Adulthood is supposed to be a time when we get to do whatever the f*** we want. So here I am, voluntarily writing a book report.

The goal of these book reports are to serve as a reminder to myself of wisdom gained, and to help you decide what to read.

Yuck, Book Reports

Thankfully, adult book reports aren’t like the 5th grade version, where you answer templated questions and then have to present it to the whole class.

They can be whatever you want, and bonus- you can choose your own books! My go-to usually fall into 2 genres, self-help and pop fiction.


My self-help kick began 5 years ago, when I started my self-improvement journey after a heartbreak. I love self-help books because of how they can expand and shift perspective, which is the really the purpose of reading.

Self-help books are essentially labors of love. Someone struggled through something, worked hard to figure it out and become an expert, and then summarized their learnings to help others.

I only read one self-help book this month:

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The One Page Financial Plan by Carl Richards

  • Summary: The One Page Financial Plan is a quick read with easy and actionable advice from a CFP on how to start your own financial planning.
  • Thoughts: I loved this one because financial planning is simplified here, contrary to the financial services industry who tries to make things sound more complicated. It’s not easy to give financial advice to the masses but he provides a few rules of thumb that are easy to understand. Example: start with your values- does your financial behavior, like spending match your values? I’d definitely recommend this book if you are new to financial planning.

Pop Fiction

Pop fiction is my guilty pleasure. These books are designed to entertain and have hit the mainstream, usually through Oprah’s book club or the New York Times bestsellers list. Basically, you know you’re in for a good time with these books.

I love getting absorbed into a good story and leaving reality for a little awhile. I also have a deep admiration for these authors’ writing chops. They can draw a reader in for hours, so much so that people would rather keep reading than fulfill basic needs like eat or sleep.

I managed to get through 4 pop fiction novels this month, mostly because we spent half of the month on vacation. That’s a lot of time for beach reads!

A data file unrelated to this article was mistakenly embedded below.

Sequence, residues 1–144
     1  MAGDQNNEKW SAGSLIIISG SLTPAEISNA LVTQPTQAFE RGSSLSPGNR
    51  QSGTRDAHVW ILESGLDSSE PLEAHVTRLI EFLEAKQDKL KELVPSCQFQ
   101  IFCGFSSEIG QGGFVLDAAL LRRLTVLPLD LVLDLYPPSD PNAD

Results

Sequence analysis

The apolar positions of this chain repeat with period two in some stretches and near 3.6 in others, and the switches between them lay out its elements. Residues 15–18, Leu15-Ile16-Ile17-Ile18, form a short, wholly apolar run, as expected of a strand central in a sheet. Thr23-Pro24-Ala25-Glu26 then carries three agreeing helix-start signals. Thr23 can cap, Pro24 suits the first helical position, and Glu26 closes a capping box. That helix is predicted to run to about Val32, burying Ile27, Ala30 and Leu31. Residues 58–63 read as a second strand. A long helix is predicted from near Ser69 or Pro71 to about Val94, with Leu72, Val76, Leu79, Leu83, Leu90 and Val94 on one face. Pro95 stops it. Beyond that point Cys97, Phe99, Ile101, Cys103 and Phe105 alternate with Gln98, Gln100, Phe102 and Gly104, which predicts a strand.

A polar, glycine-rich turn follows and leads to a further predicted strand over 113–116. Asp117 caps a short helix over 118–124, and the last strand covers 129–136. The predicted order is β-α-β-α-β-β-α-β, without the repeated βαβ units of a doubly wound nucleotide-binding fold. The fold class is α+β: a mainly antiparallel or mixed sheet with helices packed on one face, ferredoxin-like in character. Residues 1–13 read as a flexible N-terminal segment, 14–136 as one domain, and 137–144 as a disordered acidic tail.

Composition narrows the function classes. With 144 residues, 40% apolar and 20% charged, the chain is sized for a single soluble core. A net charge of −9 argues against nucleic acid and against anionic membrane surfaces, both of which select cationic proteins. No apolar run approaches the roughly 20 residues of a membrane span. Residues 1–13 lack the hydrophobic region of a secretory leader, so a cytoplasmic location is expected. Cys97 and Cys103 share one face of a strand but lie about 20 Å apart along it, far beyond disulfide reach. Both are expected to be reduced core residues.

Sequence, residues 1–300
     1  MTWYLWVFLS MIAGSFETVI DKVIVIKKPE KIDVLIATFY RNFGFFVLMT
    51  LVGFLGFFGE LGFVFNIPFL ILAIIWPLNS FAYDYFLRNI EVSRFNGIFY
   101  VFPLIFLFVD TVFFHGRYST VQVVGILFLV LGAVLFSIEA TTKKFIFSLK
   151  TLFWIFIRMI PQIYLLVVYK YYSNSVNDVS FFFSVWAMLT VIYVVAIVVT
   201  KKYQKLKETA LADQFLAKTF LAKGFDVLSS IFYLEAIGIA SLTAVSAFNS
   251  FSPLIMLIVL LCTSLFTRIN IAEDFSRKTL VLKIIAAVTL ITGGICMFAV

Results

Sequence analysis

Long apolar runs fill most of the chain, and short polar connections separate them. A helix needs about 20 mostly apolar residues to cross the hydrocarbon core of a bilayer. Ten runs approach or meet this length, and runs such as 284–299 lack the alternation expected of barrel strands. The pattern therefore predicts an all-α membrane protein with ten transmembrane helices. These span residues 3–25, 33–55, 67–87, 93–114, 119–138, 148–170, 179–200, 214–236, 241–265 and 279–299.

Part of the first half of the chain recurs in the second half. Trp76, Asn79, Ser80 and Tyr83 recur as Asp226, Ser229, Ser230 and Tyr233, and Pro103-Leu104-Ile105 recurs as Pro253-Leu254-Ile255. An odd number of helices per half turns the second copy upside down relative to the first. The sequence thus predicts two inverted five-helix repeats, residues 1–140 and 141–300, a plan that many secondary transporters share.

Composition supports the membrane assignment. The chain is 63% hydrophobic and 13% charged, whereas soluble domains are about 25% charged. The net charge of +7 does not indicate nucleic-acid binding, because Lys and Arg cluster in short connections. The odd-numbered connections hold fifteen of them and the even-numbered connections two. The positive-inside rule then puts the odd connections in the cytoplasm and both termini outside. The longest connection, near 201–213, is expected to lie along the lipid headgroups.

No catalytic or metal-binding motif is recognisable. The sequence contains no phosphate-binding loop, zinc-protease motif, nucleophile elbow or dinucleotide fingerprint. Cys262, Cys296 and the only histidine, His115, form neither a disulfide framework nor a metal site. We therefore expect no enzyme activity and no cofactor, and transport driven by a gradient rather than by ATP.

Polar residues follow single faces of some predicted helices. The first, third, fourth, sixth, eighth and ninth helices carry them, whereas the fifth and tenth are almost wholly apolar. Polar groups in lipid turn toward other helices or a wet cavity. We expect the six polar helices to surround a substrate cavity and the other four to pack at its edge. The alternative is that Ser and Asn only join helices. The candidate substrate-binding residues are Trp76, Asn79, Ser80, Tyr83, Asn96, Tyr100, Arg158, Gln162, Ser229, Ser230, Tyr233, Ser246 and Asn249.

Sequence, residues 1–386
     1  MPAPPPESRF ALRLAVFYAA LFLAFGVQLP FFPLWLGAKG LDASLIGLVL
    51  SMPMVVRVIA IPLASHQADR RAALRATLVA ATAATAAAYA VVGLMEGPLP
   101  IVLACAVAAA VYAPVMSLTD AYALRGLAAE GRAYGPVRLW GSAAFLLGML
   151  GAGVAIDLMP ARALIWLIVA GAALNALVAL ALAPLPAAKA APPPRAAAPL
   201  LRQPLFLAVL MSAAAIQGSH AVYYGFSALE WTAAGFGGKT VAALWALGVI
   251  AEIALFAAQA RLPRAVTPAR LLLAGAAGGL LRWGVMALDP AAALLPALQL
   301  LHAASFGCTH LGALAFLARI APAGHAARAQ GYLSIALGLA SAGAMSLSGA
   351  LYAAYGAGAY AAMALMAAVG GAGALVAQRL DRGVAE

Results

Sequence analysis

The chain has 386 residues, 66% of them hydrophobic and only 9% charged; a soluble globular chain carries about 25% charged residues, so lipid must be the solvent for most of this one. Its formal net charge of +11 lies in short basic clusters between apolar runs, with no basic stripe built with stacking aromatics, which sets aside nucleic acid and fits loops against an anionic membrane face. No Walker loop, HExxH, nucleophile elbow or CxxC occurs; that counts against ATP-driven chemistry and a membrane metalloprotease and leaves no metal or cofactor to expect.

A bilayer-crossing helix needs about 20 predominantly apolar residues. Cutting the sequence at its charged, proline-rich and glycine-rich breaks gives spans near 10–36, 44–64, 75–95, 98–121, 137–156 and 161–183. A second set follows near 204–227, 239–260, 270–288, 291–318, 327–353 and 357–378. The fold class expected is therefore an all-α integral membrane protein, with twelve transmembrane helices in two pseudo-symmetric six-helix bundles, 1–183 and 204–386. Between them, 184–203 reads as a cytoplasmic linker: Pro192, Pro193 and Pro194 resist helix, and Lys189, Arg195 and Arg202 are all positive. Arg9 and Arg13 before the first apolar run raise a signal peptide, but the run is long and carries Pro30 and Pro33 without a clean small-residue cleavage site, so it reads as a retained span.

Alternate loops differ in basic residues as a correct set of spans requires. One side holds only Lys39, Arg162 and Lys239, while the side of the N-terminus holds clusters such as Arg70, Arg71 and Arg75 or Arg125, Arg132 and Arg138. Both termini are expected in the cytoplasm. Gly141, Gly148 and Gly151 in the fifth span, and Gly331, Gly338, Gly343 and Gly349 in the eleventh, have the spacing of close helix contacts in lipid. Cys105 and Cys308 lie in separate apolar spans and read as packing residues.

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Little Fires Everywhere by Celeste Ng

  • Summary: A family’s home in a wealthy suburb catches fire and you learn the backstory. Center stage: family dynamics, jealousy, nosiness, and a morally ambiguous adoption drama
  • Thoughts: Honestly, the main reasons I picked this book out is because 1) Reese Witherspoon is making a mini-series out of it and books picked up by Hollywood are usually decently entertaining and 2) the author is Asian. I really enjoy reading fiction from minority authors because they bring a unique perspective to the story. This books centers around a white suburban family, but features a side story on an adoption drama between a broke and uneducated Chinese waitress, a wealthy childless couple and the opinions of the townsfolk. It’s pretty bingey.


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Sharp Objects by Gillian Flynn

  • Summary: A journalist goes back to her small town in Missouri to investigate the murders of two little girls. Center stage: dynamics with estranged mothers, small town drama, mental health, and murder
  • Thoughts: Gillian Flynn is the author of Gone Girl and her books are usually dark thrillers involving missing people/murder. Sharp Objects is no different. It’s also massively entertaining with twists and really f’ed up events. HBO just released a mini-series on this one starring Amy Adams.

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Where’d You Go, Bernadette? by Maria Semple

  • Summary: About an upper class, eclectic family in Seattle- Dad is an executive at Microsoft, Mom is a genius architect/socially awkward hermit, and daughter is smart and likeable teenager- and what happens when Mom goes missing. Themes are private school drama, family dynamics, and an affair.
  • Thoughts: I loved this book. It was recommended by a coworker awhile back, and I just got around to it. The story is captivating and Maria Semple does a great of weaving together different characters and their perspectives. I also love that it was set in Seattle. This book took me 5 hours to read, and I did it straight through while sleep deprived on a 13-hour flight.


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Girls in White Dresses by Jennifer Close

  • Summary: We follow a group of college friends after graduation, as each person navigates the real world. There are career struggles, dating mistakes, and conflicts with family and friends.
  • Thoughts: I got this book off a “Must Read” list for 20-something women. It was in part a desperate attempt to make sure I checked off all boxes before turning 30, which happened a couple of days after I finished reading this book.  It’s an easy read though there are a lot of white girl narrators and names (Lauren, Abby, Isabella, Mary, etc.) which gets confusing.  There isn’t really a plot but the stories are relatable – turns out a lot of 20 somethings are going through the same challenges!


And that’s it! Please let me know if you have any recommendations. Always to happy to add it onto my never-ending library hold list!